Thompson said that for Galaxy 12, PanAmSat has been able to adjust its operating procedures to avoid a repeat of the problem, which he described as “a low-voltage transient … during power transfer from the solar arrays to the [satellite] batteries, which turned the payload traveling wave guide off.”

Officials with PanAmSat confirmed that the new operating procedures had resolved the problem.

Thompson said “a rather modest design change” on the satellites still under construction has been implemented. Galaxy 14 is now scheduled for launch Aug. 6 aboard a Russian Soyuz rocket from the Russian-run Baikonur Cosmodrome in Kazakhstan.

David Thompson said the glitches illustrate a problem with satellite-component suppliers that all satellite prime contractors, including Orbital, will need to address.

Orbital’s net income for the three-month period ending June 30 was $7.6 million, down from $11.1 million during the same period in 2004. The company attributed the drop to its decision at the end of 2004 to revise tax accounting methodology.

Operating income stayed steady, at $14.7 million compared with the previous year’s $14.5 million.

Revenue in Orbital’s launch vehicles division, which produces small satellite launchers as well as missile defense interceptors and targets, was $87.5 million, up slightly from $86.5 million for the second quarter of last year. Satellite and space systems revenue dropped to $84.8 million from $85.8 million, and transportation management systems saw a decline to $6.2 million from $8 million.

Orbital has thrived in recent years on its defense-related business, and one of the biggest new opportunities in that arena is responsive space — the government term for satellites that can be launched on short notice to fulfill very specific missions. But Thompson said responsive space remains a question mark for now.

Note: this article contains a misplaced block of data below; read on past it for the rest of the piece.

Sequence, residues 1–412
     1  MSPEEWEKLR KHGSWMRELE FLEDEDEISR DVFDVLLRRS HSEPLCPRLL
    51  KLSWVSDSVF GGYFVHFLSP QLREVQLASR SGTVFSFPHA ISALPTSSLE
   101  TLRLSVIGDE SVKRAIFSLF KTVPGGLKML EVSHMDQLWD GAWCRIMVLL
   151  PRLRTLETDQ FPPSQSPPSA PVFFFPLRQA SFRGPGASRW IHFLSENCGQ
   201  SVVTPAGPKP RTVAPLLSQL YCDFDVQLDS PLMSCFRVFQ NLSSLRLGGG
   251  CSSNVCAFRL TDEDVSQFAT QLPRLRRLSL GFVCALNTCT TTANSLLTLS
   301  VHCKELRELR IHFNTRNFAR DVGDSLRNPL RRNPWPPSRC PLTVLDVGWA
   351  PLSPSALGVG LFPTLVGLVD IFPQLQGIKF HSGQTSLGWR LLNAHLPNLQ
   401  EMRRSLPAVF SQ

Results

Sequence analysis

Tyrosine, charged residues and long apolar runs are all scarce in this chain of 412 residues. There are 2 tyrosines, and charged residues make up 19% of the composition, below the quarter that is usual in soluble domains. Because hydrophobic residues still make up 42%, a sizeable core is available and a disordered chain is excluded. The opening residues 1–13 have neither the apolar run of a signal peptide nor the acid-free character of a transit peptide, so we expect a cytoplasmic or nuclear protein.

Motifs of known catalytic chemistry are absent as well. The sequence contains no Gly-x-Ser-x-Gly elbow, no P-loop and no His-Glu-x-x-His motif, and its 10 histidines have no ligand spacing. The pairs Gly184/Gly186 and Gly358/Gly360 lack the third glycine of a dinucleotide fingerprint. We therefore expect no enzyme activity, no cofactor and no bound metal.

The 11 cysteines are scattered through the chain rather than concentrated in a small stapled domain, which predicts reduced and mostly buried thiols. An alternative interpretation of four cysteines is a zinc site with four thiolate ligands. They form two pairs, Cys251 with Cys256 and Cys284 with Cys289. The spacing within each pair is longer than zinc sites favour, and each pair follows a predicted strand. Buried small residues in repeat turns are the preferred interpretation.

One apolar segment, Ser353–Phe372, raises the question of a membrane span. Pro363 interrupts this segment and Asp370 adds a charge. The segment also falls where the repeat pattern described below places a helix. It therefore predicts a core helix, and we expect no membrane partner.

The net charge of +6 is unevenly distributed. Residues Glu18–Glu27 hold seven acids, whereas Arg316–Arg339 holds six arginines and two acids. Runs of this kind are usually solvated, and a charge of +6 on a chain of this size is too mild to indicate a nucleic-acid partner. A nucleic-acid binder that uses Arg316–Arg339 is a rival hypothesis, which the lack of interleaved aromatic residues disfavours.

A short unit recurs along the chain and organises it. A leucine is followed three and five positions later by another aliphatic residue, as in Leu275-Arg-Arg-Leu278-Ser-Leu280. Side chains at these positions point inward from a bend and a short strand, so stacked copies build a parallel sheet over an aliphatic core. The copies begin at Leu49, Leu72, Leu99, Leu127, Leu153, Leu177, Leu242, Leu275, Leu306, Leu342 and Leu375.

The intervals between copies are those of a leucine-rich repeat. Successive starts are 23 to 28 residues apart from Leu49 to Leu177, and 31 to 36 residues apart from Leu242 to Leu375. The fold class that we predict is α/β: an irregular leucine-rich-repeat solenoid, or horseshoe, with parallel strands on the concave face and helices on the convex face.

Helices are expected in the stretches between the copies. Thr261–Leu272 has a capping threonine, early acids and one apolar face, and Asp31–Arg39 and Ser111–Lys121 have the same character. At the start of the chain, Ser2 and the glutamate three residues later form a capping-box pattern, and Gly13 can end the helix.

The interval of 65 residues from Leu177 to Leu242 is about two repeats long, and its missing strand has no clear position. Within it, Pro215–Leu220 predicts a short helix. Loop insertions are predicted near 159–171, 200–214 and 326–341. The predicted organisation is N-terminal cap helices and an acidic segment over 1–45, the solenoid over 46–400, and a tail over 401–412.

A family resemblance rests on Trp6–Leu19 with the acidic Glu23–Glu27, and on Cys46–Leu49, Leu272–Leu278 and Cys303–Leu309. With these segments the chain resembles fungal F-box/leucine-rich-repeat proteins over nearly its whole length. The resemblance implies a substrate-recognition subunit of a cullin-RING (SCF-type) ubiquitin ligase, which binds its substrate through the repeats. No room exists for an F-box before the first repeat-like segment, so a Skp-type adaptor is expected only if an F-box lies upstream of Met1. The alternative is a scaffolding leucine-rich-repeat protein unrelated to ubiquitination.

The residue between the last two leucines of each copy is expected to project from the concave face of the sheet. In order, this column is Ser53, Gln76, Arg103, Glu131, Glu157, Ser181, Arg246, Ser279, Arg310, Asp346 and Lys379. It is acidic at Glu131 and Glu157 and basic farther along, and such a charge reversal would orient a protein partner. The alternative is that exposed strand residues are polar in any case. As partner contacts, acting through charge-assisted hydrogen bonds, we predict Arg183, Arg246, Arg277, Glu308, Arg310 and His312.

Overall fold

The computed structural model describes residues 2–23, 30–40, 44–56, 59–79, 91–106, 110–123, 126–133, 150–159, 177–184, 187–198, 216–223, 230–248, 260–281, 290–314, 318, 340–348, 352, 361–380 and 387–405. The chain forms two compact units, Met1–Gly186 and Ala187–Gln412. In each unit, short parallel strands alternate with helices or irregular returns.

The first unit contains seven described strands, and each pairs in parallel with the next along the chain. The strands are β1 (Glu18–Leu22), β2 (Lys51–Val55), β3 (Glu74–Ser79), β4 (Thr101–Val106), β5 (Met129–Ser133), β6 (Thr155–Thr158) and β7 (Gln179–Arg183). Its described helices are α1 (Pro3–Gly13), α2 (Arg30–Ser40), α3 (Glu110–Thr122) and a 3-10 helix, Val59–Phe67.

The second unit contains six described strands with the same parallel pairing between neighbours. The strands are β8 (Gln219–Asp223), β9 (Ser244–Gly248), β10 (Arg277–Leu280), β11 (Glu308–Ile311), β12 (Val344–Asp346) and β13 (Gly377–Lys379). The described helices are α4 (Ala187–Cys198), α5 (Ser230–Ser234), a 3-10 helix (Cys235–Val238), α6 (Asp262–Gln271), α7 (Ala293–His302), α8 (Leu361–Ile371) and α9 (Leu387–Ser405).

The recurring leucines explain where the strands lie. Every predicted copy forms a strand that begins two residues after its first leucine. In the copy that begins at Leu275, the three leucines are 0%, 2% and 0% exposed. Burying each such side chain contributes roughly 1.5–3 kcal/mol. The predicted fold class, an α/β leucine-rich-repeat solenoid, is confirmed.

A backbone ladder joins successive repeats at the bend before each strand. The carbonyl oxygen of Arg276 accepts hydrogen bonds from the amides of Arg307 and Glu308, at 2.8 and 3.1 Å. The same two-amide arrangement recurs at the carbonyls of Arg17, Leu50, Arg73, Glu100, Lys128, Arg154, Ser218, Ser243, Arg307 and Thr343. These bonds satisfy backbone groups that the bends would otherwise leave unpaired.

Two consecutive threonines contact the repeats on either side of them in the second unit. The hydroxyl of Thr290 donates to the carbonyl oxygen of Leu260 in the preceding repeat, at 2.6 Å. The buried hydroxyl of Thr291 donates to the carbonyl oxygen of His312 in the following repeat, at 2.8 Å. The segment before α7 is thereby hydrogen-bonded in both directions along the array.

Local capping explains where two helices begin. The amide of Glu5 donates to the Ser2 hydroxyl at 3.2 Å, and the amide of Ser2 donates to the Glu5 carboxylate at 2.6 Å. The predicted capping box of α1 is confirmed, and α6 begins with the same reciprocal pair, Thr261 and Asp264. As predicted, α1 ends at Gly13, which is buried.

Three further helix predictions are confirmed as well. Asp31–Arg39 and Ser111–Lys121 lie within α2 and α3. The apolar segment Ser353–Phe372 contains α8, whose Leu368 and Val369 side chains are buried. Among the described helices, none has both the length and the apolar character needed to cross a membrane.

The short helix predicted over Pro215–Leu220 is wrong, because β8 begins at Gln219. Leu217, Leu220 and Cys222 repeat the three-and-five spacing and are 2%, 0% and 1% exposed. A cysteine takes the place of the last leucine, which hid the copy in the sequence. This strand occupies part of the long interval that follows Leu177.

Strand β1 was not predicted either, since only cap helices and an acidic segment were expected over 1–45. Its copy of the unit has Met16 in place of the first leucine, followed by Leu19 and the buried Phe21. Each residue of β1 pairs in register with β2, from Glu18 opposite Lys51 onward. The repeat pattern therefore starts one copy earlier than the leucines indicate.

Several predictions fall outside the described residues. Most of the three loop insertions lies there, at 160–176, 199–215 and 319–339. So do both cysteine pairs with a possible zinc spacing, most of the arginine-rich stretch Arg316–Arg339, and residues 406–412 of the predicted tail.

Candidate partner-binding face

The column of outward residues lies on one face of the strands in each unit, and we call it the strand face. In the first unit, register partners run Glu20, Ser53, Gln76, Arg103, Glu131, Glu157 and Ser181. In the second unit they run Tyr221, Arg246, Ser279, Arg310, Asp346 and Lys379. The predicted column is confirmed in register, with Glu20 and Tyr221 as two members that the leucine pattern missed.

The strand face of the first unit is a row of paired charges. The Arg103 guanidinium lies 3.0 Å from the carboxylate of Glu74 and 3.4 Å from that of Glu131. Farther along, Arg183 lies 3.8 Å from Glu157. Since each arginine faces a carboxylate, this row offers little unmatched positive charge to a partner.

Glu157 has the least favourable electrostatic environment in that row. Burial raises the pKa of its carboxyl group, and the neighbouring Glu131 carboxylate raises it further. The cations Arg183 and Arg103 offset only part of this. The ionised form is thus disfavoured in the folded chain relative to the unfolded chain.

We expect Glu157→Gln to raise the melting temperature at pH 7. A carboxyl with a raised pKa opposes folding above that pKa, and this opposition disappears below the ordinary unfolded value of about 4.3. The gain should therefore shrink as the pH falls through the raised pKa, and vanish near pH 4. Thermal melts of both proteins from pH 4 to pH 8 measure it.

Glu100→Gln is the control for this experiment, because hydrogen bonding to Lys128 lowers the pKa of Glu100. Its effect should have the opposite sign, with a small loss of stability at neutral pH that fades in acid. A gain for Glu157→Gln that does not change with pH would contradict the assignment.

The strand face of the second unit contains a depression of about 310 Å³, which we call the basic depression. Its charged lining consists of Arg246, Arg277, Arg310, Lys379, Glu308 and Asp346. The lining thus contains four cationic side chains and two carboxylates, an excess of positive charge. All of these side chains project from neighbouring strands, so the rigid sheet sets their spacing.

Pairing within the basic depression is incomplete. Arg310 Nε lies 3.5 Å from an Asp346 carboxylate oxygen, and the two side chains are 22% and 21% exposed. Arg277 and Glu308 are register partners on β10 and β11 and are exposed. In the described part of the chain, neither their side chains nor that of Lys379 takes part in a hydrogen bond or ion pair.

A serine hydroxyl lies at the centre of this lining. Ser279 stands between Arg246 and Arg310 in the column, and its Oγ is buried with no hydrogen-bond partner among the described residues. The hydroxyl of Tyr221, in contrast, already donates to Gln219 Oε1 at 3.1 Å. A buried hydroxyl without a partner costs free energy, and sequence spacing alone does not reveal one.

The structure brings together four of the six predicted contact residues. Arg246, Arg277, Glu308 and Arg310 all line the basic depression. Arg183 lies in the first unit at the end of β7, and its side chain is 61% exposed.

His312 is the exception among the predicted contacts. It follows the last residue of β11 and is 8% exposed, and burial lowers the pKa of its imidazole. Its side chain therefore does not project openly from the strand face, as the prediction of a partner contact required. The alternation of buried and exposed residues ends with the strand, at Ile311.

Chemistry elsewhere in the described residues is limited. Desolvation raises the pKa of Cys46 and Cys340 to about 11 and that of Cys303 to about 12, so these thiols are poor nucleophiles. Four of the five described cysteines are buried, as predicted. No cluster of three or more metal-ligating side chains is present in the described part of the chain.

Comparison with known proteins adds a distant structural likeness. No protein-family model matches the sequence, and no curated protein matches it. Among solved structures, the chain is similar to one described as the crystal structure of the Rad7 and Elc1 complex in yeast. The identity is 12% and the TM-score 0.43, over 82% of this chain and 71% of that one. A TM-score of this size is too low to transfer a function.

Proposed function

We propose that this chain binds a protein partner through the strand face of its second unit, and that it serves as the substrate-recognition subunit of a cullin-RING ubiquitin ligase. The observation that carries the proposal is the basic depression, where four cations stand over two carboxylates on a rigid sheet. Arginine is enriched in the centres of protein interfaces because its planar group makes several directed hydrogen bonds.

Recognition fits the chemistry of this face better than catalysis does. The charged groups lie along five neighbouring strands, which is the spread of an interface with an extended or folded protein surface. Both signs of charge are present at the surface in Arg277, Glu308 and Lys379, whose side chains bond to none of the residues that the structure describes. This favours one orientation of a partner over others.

“Right now, there’s still some lack of clarity in terms of the real demand drivers for that kind of system,” he said. “It certainly sounds intuitively appealing, but whether it translates into space systems that have strong military utility is, I think, a question that has not yet been answered either in the military or in the industry.”

The conference call gave analysts an opportunity to grill Orbital on the U.S. government’s ongoing investigation into its practices. In May, federal agents raided Orbital facilities in Dulles and Chandler, Ariz., but few details of the probe have surfaced since then.

Thompson said the company is cooperating with the investigation, which he believes is “focused on contract cost-related matters” in some of its launch vehicle programs.

“While we expect the government to discuss its specific concerns with us at some point, that has not happened as of yet, and it is still somewhat hard to predict exactly when that may take place,” Thompson said. He did predict the investigation could take many months, or even up to a year, to run its course, and declined to comment further.

Peter B. de Selding contributed to this story from Paris.